Solo RPGs and the evolution of my setup for Ironsworn and Starforged

The concept of playing TTRPGs alone sounds very odd and very appealing at the same time. This post is about how is my relationship with solo RPGs developing.

I am a very socially anxious person, therefore playing TTPRPG solo is a very appealing concept for me. However, it does sound weird. Am I going to be sitting at the table, rolling dice and talking to myself? How could that work? Solo RPGs, mainly Ironsworn and Ironsworn: Starforged are a huge part of my personal TTRPG renaissance.

How I started

I started as soon as Starforged released. I was late to join the Kickstarter, I was event too late for the “late pledge”, but I bought the physical copy as soon as the store opened and therefore got the PDFs and I dove right in.

I even started capturing my first Starforged experience in written form on this blog. It has so far 8 parts. I moved on and started playing other characters, but I am quite sure I’ll return to Valentin Sikorski, the space courier soon.

My first gaming setup was in front of my computer. PDF with the book and captured my sessions in Stargazer. Stargazer is a very nice web application for solo play of Starforged. It can run in fully offline mode, even on mobile devices, has moves reference, all the oracles for random generation, star map and a possibility to write down journal entries. It’s truly amazing application which keeps getting better.

First struggles

One of the big things each solo player has to figure out for themselves is how they capture their sessions (and if). For me, writing is the obvious choice. Talking to myself would feel much weirder and could be annoying to people around me, and that would limit the possible times when I could play. Just imagining things in my head also didn’t feel good enough.

However, I type quite fast on my keyboard, so it felt like an obvious choice. And because I have a blog, I could even publish it, couldn’t I? I know that no one will actually be interested in the produced text. But I like to write down things around me as some kind of diary of my projects, what I did and learned. I don’t do it for others, but for myself. That was always the case. And if someone stumbles upon my ramblings and finds them interesting? Well, that’s indeed nice, but not required. I approached my solo play in the same way.

You can read the results. It’s a weak prose. Partly because English is my second language, partly because I didn’t want to invest too much time into producing it and also, I am no writer.

We have already stumbled upon one interesting point: I imagine and capture the story in English, even though It’s my second language. Why? Mostly because I can, partly because I wouldn’t be interested in publishing it in Czech language (see, I am writing it for myself and still prefer to use global language, so more people could actually read it. Silly, isn’t it? Those humans!). Nevertheless, it is very difficult to switch languages in your head when playing a game where the rules and all the oracles you use to spark your imagination are in English. This extra translation hoop makes it actually worse. Thankfully, my English is good enough, so I can think in the language and have my internal monologue in it. Although, I did realize that my “sci-fi and fantasy adventure vocabulary” is much weaker than I would like it to be. That makes it quite an effort to capture the story in writing without feeling like it sucks on all levels.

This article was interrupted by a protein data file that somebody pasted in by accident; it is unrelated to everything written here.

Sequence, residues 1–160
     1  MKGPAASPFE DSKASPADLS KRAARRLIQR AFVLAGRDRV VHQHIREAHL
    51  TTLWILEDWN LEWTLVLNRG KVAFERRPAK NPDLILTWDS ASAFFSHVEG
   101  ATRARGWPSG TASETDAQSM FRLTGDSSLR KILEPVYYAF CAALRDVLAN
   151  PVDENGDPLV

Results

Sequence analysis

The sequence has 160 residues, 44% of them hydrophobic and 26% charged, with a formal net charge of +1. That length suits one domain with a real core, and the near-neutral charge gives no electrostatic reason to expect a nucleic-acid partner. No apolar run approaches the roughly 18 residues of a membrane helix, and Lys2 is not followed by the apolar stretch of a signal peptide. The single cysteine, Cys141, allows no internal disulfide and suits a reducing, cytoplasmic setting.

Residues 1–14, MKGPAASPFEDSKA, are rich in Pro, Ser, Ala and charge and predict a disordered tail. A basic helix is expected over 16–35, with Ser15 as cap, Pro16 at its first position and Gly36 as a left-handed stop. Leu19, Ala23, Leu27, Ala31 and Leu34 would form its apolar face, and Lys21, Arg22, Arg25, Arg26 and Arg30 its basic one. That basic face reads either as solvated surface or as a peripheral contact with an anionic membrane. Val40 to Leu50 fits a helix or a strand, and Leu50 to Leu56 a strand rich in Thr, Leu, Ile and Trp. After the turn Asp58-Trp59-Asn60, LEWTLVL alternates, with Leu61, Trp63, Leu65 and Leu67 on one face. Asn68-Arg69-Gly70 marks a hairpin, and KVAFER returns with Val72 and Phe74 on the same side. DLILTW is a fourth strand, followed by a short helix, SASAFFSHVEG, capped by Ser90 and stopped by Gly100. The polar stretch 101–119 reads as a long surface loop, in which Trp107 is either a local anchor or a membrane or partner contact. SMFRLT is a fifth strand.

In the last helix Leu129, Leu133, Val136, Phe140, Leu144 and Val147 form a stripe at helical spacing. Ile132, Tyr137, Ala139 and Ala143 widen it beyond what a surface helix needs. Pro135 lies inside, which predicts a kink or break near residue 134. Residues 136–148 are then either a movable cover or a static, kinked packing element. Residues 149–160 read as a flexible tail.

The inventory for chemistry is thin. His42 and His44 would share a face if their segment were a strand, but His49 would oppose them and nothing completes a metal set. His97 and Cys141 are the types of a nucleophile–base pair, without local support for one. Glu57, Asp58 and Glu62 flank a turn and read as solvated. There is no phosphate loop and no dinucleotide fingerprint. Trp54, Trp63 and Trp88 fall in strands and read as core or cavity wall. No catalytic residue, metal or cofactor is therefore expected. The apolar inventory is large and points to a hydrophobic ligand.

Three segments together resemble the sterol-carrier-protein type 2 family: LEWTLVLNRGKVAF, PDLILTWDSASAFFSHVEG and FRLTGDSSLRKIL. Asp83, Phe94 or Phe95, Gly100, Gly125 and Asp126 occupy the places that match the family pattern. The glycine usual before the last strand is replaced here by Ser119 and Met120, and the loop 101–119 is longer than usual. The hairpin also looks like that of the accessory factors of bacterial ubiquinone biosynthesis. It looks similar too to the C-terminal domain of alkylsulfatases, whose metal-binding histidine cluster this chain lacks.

And here we are running into the first big struggle I had. I kept spending time writing the prose, editing the prose, fixing typos, looking up synonyms and words I didn’t know. I felt my game is going forward slowly, and it’s actually quite some work to progress with the story. That was sucking out some enjoyment from the game, and I started wondering what to do about it.

Theoretically, it should be possible to stop writing the prose. Take just a few notes. Sum up scenes and dialogues in a sentence or two. But how to achieve it when I sit in front of my computer and have my Sofle keyboard in front of me with all the typing and editing power?

Getting outside

Another struggle I had was to find the time when I would enjoy playing while sitting in front of my computer. I work from home-office and sit on the chair full time. Often I just hate the idea to stay sitting there for fun.

Thankfully, Stargazer runs offline. I took my Chrome tablet, downloaded the PDFs, installed Stargazer and outside we go. My beloved partner Anna likes to paint during our trips and walks and that’s perfect opportunity to play. I was hoping this could also help me to write less. The keyboard for the tablet is terrible, the layout is far from what I am used to, and it slows me down significantly.